Inge Kuhlka moves throughout her 8th grade math class checking on her students, who are working collaboratively in small groups. A quick review of one group’s progress and a few words to another group keep the students focused on a sunny day. The students had completed standardized testing in the morning, so were more easily distracted after a morning of intense quiet; but Kuhlka keeps a watchful eye on all, the students keep their focus, and they successfully complete the day’s work.
Kuhlka has been with Pioneer Valley Regional School in Northfield for eight years. She began her work as a math-specific paraprofessional. “In school, math was always my favorite subject, my go-to class,” says Kuhlka. With a Bachelor of Science degree in Food Science from Purdue University, Kuhlka began her career working for food companies in quality control management.
The teachers she worked with at Pioneer as a paraprofessional encouraged her to grow in her role. Kuhlka knew other teachers who had taken courses in the Licensure Program at CES, and felt the time was right for her to do the same. “I had to go for this!” said Kuhlka, who signed up for the Initial Licensure program at CES.
“I had heard great things about the CES classes,” said Kuhlka. She found that the courses were taught by highly engaged instructors who were immediately responsive to questions. The licensure classes she took were a mix of traditional classroom courses and online course work.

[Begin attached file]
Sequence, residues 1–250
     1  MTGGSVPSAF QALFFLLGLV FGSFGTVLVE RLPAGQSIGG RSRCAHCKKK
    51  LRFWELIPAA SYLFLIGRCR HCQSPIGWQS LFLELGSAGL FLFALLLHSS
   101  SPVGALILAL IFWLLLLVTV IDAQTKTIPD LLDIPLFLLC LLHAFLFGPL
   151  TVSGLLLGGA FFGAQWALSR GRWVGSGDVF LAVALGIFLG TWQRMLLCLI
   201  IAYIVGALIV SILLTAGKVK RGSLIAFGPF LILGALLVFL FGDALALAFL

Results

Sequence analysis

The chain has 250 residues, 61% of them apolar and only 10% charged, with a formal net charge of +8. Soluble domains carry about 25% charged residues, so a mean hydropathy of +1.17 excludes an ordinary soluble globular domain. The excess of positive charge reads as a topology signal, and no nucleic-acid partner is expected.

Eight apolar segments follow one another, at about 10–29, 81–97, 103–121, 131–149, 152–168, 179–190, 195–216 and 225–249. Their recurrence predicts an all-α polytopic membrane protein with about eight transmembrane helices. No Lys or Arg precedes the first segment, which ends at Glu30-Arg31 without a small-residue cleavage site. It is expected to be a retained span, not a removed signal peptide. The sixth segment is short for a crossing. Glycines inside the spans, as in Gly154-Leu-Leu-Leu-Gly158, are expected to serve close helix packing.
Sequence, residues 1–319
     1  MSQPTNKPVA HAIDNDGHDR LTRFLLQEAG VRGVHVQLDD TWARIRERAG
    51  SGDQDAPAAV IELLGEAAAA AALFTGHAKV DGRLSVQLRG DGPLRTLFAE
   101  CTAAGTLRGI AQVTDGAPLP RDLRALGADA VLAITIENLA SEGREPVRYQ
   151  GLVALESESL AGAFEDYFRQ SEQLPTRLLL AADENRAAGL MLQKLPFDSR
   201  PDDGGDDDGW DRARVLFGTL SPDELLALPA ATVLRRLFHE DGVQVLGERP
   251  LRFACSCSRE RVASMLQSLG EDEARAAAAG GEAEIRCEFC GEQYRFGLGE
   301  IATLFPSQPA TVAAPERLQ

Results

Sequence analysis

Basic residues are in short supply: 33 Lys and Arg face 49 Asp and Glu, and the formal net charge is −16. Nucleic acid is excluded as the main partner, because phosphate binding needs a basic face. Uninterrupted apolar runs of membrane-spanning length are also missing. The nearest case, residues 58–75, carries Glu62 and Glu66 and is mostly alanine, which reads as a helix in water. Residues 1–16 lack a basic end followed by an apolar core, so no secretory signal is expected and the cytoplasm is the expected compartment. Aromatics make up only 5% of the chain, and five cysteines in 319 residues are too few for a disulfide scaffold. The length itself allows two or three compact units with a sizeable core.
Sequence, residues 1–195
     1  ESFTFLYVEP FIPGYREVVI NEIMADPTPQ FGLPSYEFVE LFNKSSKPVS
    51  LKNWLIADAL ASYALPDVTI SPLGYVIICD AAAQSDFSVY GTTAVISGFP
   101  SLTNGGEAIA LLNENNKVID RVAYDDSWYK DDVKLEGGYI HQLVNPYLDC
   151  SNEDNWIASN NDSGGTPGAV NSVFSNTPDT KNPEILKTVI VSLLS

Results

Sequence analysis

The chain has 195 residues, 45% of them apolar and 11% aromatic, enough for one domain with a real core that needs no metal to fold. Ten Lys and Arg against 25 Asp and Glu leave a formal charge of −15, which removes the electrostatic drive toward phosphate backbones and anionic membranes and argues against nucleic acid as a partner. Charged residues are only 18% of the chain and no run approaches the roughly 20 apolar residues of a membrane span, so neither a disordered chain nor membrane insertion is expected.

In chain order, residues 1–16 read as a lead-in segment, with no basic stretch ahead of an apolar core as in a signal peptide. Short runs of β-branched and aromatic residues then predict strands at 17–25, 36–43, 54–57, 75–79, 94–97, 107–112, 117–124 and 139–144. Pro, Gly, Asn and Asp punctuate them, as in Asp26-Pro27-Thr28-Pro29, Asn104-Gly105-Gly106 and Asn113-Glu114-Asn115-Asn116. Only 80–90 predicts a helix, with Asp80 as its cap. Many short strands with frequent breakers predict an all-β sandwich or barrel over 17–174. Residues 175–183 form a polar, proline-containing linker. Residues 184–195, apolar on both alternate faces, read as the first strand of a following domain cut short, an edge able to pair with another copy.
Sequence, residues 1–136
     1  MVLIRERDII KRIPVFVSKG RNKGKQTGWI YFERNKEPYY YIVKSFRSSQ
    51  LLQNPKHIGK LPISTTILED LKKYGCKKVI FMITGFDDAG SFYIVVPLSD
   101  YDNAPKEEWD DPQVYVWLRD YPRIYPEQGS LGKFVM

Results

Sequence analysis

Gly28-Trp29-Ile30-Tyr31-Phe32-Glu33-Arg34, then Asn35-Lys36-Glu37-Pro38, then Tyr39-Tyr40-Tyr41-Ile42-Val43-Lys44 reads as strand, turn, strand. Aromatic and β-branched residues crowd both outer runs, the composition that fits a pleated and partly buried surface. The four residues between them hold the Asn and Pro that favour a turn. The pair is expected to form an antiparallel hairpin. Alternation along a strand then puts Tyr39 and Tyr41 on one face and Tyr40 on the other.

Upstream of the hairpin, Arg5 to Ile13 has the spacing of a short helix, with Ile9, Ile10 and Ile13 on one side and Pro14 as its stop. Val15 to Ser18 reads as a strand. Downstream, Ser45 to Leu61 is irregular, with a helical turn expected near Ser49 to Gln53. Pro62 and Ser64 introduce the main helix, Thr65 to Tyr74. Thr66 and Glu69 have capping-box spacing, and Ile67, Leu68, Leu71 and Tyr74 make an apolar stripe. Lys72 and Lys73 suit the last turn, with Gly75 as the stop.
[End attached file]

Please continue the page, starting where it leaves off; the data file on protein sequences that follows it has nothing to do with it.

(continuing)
Adults learned to work together on assignments. “Collaborating for adults is often out of our comfort zone,” says Kuhlka, but she enjoyed this as well, and now incorporates this vital skill into her teaching at Pioneer.
Kuhlka took classes during the summer and during the school year. The timing of her licensure pursuit ended up being perfect for her – her own children were in middle and high school at Pioneer and were very proud of their mother’s goals.
Now, when asked by her eighth-grade students about their future use of math, she tells them that their math studies are connecting the right and left parts of their brain, and as they grow in their math classes, they will find that they are moving from concrete rules to more abstract solving of problems. Kuhlka knows that in her class, they are not only developing deeper understanding of math skills, but also learning how to work collaboratively with others and building skills that will carry them to varied careers in adulthood. “There are always new ways to get to an answer,” says Kuhlka. “Students aren’t pigeonholed into only one solution. I provide the basics from foundational work, and they pick up and proceed with methods that work best for them. One student consistently came up with all her won methods, and she was right every time!”